In the book, Cruising Attitude by Heather Poole, a reader is taken on a behind the scenes tour of
Abby Moe
Cruising Attitude by Heather Poole is about the life of a flight attendant... Sounds boring right? Think again. Heather Poole wrote this memoir on her life in becoming a flight attendant. She never planed on that to be her career, but her mother insisted, and it just stuck.

Becoming a flight attendant is competitive and a small percentage of people who actually apply do not make it. Heather was one of the lucky ones. Before she attempted to become one of the big shots on international planes f
Tiffany Hawk
Believe it or not, I read this book while I was in labor. I know that’s a strange thing to put in a review, but when I tell you I finished it within a few days, you’ll see just how compelling I found it. I had been looking forward to it so much that I packed it in my hospital bag just in case I had a moment or two to peek. Anyway, a quick peek turned into “I couldn’t put it down,” so between contractions (early on), while the post c-section morphine made me itch so bad I couldn’t sleep, and pret ...more
For someone who “doesn’t read memoirs”, I’ve picked up more than a few this year. This one drew my eye because I enjoy flying, and had absolutely no idea what a flight attendant’s job was like.

After finishing the book, I’m fairly certain that I would never want to be a flight attendant. I never would have imagined a super-strict book camp, or the fact that for a long time, an attendant makes so little money they are lucky if they can afford to rent a room of their own, let alone an entire apartm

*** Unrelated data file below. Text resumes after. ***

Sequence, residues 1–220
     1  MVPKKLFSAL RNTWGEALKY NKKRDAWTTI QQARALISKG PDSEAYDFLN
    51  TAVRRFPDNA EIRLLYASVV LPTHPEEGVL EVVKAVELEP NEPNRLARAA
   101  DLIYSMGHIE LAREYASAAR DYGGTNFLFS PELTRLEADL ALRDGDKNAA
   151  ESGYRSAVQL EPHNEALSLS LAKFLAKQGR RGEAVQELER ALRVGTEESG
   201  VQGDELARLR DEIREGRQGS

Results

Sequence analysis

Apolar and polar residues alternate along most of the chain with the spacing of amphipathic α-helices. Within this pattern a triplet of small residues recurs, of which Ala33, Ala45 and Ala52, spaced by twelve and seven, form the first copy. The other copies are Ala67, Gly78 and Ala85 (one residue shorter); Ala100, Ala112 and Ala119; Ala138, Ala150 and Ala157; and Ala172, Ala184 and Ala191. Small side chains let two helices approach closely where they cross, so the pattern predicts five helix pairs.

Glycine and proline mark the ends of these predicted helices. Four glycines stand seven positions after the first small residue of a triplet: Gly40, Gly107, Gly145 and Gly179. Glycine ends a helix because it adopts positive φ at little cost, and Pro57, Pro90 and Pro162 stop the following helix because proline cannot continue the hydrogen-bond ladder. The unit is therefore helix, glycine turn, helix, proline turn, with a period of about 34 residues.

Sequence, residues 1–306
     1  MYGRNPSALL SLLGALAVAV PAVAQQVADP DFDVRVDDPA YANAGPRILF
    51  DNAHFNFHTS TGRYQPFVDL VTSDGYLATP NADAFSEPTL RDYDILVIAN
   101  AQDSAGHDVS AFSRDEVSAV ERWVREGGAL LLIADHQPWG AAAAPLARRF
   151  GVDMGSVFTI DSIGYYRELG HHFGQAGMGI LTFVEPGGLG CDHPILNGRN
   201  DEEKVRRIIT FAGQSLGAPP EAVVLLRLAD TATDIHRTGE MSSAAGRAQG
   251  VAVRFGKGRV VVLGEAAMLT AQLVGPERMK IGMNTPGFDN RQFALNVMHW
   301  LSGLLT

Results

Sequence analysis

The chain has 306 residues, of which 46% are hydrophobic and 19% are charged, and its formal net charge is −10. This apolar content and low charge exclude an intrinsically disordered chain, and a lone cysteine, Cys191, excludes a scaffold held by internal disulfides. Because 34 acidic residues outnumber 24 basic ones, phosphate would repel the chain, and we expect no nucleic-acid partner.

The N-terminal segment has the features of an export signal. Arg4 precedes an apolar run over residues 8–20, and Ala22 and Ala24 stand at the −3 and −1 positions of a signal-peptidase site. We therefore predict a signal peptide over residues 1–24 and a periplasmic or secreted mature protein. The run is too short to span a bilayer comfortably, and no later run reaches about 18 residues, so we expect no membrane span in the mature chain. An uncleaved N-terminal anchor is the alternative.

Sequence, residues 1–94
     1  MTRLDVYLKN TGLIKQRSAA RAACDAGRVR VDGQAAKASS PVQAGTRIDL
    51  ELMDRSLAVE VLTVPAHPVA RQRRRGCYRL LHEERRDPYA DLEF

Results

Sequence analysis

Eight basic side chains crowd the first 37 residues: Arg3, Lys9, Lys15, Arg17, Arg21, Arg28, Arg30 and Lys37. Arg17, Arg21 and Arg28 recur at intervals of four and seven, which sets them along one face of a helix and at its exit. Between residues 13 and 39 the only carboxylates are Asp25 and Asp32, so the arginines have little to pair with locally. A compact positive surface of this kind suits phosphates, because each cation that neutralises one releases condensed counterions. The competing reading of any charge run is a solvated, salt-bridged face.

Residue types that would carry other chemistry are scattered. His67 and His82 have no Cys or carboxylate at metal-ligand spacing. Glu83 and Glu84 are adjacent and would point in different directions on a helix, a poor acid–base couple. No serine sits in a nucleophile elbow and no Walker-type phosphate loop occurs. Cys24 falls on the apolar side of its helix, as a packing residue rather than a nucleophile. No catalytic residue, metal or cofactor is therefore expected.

This was a fun and interesting read if you enjoy the continuing struggle of the aviation industry or fly a lot. Heater gives a fun and interesting perspective to life as a flight attendant. The glamor has certainly fallen away from flying and ever since 9/11 being a traveler has left me wondering what the heck is going on with the industry.

I fall into the category of a business traveler who has become tired of the near retirement, grumpy flight attendant that always seems to be on the flights I
Received this in e-galley format from Edelweiss.

This was an extremely informative report on life as a flight attendant. It's a far cry from the COFFEE, TEA, OR ME days (never really sure they existed) and I discovered lots of interesting tidbits about the training and life of today's flight attendant. At first I feared it would get into too much detail (a section on how the drink carts operate turned out to be much more interesting than I first thought) but I was soon riveted. There was also the
I'm not sure if this would be a book people who aren't flight attendants would particularly enjoy. As a flight attendant myself this was an enjoyable read as it's such a unique job that you can never really understand until you're living it and when you are there's something really comforting in talking to others living it as well or in this case reading their experiences. I work for a regional airline and Heather has mainline experience that was really interesting to read as far as what is the ...more
Kyle Wendy Skultety (
Now I know the training it takes to be a flight attendant--and I know I'd never be able to do it. I also couldn't live in those "crash pads", which is their term for apartments housing 5 or more flight attendants, temporary sleeping quarters for those in between flights. And it's also comforting to know that she had to put up with (and be sweet as pie to) nasty, obnoxious, ignorant people masquerading as passengers. I, too, have a customer service oriented job, and I get a lot of, ahem, "challen ...more